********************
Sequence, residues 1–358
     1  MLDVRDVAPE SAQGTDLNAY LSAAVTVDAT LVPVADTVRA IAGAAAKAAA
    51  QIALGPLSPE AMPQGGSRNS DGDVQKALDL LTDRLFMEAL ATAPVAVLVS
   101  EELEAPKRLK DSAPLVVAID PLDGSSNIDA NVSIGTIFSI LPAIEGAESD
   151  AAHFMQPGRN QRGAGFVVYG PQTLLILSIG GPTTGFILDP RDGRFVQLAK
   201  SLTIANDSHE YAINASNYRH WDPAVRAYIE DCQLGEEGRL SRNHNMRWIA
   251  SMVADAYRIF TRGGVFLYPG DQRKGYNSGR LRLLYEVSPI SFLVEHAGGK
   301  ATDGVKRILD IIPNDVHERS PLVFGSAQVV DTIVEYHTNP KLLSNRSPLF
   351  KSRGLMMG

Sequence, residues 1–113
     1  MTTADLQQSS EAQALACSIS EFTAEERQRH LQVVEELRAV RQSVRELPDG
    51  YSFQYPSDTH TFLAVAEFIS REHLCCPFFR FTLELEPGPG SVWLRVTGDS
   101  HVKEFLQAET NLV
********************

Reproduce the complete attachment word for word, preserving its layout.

Sequence, residues 1–358
     1  MLDVRDVAPE SAQGTDLNAY LSAAVTVDAT LVPVADTVRA IAGAAAKAAA
    51  QIALGPLSPE AMPQGGSRNS DGDVQKALDL LTDRLFMEAL ATAPVAVLVS
   101  EELEAPKRLK DSAPLVVAID PLDGSSNIDA NVSIGTIFSI LPAIEGAESD
   151  AAHFMQPGRN QRGAGFVVYG PQTLLILSIG GPTTGFILDP RDGRFVQLAK
   201  SLTIANDSHE YAINASNYRH WDPAVRAYIE DCQLGEEGRL SRNHNMRWIA
   251  SMVADAYRIF TRGGVFLYPG DQRKGYNSGR LRLLYEVSPI SFLVEHAGGK
   301  ATDGVKRILD IIPNDVHERS PLVFGSAQVV DTIVEYHTNP KLLSNRSPLF
   351  KSRGLMMG

Sequence, residues 1–113
     1  MTTADLQQSS EAQALACSIS EFTAEERQRH LQVVEELRAV RQSVRELPDG
    51  YSFQYPSDTH TFLAVAEFIS REHLCCPFFR FTLELEPGPG SVWLRVTGDS
   101  HVKEFLQAET NLV